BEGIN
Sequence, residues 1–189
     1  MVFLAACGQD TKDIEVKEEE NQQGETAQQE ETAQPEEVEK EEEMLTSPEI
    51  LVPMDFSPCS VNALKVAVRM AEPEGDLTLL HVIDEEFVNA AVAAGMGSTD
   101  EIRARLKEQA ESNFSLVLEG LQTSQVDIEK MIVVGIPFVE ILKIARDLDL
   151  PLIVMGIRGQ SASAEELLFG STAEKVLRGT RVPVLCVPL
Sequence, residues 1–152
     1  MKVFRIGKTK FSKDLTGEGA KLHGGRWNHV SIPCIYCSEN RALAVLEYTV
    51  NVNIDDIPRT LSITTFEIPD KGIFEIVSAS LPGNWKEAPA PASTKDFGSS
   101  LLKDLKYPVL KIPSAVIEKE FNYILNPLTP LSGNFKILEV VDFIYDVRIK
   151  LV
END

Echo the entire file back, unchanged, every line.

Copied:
Sequence, residues 1–189
     1  MVFLAACGQD TKDIEVKEEE NQQGETAQQE ETAQPEEVEK EEEMLTSPEI
    51  LVPMDFSPCS VNALKVAVRM AEPEGDLTLL HVIDEEFVNA AVAAGMGSTD
   101  EIRARLKEQA ESNFSLVLEG LQTSQVDIEK MIVVGIPFVE ILKIARDLDL
   151  PLIVMGIRGQ SASAEELLFG STAEKVLRGT RVPVLCVPL
Sequence, residues 1–152
     1  MKVFRIGKTK FSKDLTGEGA KLHGGRWNHV SIPCIYCSEN RALAVLEYTV
    51  NVNIDDIPRT LSITTFEIPD KGIFEIVSAS LPGNWKEAPA PASTKDFGSS
   101  LLKDLKYPVL KIPSAVIEKE FNYILNPLTP LSGNFKILEV VDFIYDVRIK
   151  LV